Cancer drug Avastin reduces progression of ovarian cancer, and perhaps death rate

The widely used cancer drug Avastin may benefit women with ovarian cancer, both those who are newly diagnosed and those in whom the disease has recurred after initial treatment, researchers reported Saturday at a Chicago meeting of the American Society of Clinical Oncology. For ovarian cancers treated early in the course of the disease, the drug reduced the risk of death. For recurrent cancers, the drug delayed progression but the improvement in survival did not quite reach statistical significance, researchers said.

Avastin, known generically as bevacizumab, is one of the most widely used cancer drugs, with annual sales worldwide of about $7 billion. The drug blocks the formation of new blood vessels that support a growing tumor, starving it of nutrients. It is currently approved for the treatment of colorectal, brain, lung, kidney and breast cancers. The Food and Drug Administration has moved to withdraw approval for breast cancer, however, because several clinical trials have shown that the drug does not reduce the risk of death, even though it delays progression of the disease.

Ovarian tumors are an unusually lethal form of cancer because they are not usually detected until they are well advanced, which makes treatment difficult. Conventional treatment involves a combination of the drugs carboplatin and paclitaxel.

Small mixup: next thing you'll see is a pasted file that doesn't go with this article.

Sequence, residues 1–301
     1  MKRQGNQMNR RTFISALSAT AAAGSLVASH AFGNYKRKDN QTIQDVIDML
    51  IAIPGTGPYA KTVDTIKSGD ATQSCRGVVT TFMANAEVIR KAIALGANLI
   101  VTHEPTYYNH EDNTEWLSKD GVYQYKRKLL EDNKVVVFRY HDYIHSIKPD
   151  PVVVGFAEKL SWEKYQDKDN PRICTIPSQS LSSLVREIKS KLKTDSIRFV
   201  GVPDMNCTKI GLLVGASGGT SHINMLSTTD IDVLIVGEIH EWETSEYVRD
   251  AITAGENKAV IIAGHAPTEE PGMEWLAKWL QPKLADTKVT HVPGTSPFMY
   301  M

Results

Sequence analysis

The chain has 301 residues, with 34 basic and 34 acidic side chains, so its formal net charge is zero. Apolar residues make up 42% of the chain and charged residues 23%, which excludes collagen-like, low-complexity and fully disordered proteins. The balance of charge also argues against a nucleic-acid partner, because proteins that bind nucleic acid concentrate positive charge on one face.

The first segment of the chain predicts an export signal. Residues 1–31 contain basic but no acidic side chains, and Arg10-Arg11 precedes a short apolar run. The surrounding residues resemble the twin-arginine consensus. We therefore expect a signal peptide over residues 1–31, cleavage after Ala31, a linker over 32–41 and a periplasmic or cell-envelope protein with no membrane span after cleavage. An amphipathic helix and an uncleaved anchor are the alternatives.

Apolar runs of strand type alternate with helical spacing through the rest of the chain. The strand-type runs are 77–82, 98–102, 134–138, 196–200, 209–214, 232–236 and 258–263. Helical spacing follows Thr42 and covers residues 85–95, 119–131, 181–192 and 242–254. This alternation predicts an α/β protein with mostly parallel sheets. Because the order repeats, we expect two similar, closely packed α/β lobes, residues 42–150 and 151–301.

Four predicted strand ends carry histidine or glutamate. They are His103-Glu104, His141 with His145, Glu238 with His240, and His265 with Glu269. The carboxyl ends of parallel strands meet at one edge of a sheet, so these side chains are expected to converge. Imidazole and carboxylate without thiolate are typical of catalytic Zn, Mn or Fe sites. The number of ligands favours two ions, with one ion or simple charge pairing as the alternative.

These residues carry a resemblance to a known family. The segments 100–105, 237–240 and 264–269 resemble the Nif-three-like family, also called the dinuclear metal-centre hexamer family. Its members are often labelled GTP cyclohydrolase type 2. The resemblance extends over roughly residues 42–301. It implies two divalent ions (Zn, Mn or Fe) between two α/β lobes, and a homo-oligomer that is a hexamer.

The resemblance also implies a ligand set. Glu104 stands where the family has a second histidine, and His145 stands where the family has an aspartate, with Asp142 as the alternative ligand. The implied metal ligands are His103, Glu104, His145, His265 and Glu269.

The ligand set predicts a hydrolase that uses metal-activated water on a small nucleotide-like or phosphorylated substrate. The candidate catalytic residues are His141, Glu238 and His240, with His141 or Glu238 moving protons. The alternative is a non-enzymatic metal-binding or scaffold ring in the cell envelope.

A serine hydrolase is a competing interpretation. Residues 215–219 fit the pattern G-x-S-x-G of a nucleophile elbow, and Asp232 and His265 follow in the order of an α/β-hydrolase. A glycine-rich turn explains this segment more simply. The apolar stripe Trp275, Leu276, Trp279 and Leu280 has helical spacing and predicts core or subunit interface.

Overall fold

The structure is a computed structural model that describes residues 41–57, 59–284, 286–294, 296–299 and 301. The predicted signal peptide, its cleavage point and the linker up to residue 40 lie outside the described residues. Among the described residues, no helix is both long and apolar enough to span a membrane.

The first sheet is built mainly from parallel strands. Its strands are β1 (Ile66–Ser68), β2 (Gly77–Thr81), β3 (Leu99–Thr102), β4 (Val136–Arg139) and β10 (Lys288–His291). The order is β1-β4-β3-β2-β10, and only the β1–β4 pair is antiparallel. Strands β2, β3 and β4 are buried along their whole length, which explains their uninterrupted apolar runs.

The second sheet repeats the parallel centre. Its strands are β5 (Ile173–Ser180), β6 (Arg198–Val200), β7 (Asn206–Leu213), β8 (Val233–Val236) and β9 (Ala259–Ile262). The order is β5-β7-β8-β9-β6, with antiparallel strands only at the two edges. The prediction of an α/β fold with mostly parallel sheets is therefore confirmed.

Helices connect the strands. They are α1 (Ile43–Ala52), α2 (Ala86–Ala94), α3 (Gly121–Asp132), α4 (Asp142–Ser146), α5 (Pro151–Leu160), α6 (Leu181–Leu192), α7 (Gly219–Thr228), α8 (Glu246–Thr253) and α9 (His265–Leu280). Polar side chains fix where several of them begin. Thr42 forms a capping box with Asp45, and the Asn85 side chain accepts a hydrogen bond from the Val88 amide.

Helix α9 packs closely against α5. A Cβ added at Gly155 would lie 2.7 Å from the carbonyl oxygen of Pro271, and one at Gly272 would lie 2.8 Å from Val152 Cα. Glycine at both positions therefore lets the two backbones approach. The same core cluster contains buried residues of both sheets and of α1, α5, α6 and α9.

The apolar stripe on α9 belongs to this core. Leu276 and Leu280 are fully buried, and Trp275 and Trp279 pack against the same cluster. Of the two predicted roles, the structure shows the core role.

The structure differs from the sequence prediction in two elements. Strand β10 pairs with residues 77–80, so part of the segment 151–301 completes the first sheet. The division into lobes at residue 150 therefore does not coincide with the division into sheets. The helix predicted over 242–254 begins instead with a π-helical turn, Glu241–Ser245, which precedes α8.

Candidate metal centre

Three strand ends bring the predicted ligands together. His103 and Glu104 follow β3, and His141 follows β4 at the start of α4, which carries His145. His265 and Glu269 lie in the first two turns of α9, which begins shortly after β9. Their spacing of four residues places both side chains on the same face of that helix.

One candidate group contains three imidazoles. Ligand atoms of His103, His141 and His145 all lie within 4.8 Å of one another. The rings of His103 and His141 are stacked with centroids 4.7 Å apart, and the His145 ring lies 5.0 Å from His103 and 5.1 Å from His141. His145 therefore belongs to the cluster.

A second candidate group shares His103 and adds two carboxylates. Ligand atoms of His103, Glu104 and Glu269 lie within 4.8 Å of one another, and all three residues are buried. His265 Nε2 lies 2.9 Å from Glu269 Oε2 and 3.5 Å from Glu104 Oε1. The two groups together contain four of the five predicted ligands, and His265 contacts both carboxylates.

About 21,880 American women are diagnosed witih ovarian cancer each year, according to the American Cancer Society, and about 13,850 die from it.


In the first study, Dr. Gunnar Kristensen of the Norwegian Radium Hospital in Oslo and his colleagues studied 1,528 women with newly diagnosed advanced ovarian cancer. Half were given six cycles of conventional treatment with carboplatin and paclitaxel and half were given the same therapy plus Avastin, and then Avastin alone for a total of 12 months. After a median follow-up of 28 months, 178 of the women in the Avastin group had died, compared with 200 in the conventional therapy group. That 15% reduction was not statistically significant, however. But in a subgroup of patients with the highest risk of recurrence, there was a 36% reduction in risk of death -- 79 deaths in the Avastin group compared with 109 in the standard therapy group. That reduction was statistically significant. Kristensen predicted that, for the entire group of women, the survival benefit is likely to become statistically significant as the women are followed for a longer period of time.

In a second study, Dr. Carol Aghajanian of the Memorial Sloan-Kettering Cancer Center in New York and her colleagues studied 488 patients who had a recurrence of ovarian cancer following an initial successful treatment. As in the other study, half received Avastin plus conventional therapy and half received only conventional therapy. Aghajanian reported that, over a follow-up period of 24 months, women receiving Avastin went a median of 12.4 months before their disease began worsening, while those receiving only conventional therapy went only 8.4 months -- a 52% improvement. The number of women who survived at 24 months was slightly higher in the Avastin group, but the imrpovement was not statistically significant.

Side effects in the two studies were similar to those observed in clinical trials for other forms of cancer, and were not deemed sufficient to prevent women from taking the drug. But one factor that might is the cost. The drug is quite expensive: a complete course of therpay could run as high as $88,000.